Some hitting coaches say a 2 to 3 inch stride length for batting is best and some say an 8 to 12 inch one is best. They are both right.
When you watch great major league hitters, most, if not all, do the same things to swing the bat, once the stride foot lands. Before that though, many major league hitters have their own style with how they initially setup and with their stride length. There is simply no one stride length fits all, when it comes to correct hitting mechanics. However, it is safe to say that all great players' stride- length takes them to the ideal balanced position, which is that position that allows them to perform such an explosive action under control and with ultimate speed.
This explains why there is no perfect stride length for baseball batting, as it varies depending on each player's individual style-setup. Players, who prefer a narrow initial stance, stride further to get to that ideal balance position and those, who like a wide stance to begin, have a short stride to attain ideal balance position.
With that in mind, one of the first thing coaches should do with young players, is to find and explain this ideal balance position. This balance position, not only helps with hitting, but with setting up to steal bases and for setting up in ready position on defense, among other things.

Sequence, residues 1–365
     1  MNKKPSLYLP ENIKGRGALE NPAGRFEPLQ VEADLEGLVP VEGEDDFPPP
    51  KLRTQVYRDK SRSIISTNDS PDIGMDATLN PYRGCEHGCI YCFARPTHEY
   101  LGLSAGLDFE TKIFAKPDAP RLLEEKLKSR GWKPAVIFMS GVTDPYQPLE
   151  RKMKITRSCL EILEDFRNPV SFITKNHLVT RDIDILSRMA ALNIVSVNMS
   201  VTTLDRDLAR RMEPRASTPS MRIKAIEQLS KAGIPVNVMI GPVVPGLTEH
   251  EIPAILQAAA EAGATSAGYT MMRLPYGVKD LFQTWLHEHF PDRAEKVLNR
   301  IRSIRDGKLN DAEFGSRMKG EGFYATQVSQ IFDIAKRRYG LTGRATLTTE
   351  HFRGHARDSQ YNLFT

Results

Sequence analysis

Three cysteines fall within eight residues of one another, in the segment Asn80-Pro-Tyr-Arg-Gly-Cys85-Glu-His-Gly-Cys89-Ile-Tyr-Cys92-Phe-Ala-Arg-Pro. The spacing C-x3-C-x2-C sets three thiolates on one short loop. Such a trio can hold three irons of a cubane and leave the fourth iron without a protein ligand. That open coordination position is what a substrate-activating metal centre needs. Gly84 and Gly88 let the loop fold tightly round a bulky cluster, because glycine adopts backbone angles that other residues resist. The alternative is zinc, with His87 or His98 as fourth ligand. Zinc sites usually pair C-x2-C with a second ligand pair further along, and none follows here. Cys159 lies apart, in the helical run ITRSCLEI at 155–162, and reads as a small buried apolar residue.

Many young players have trouble figuring out ideal balance position, so a couple of ways to help them include:
Having found this ideal balance position, coaches should measure it and give players that measurement, so they know when they are not getting to it. Using their baseball bat as a measurement device, generally, is the easiest measurement device and the most useful.
Once done, players can practice the stride length that takes them from their initial stance to this ideal balance position.
Losing balance after their swing is a good indicator that players are not getting to ideal balance position.
With very young players, it is best to have them hit initially from this ending balance position (no stride hitting) to help them get the feel for it.
It is a lot to expect inexperienced player to achieve the perfect stride length to the perfect balance position, so starting as close to ideal hitting position is best, meaning a short stride approach.
After playing major league baseball, Jack Perconte has taught baseball and softball since 1988 and offered valuable coaching training too. He has helped numerous youth players reach their potential, as well as having helped parents and coaches navigate their way through the challenging world of youth sports. Jack is one of the leading authorities in the areas of youth baseball training and coaching training advice.All Jack Perconte articles are used with copyright permission.
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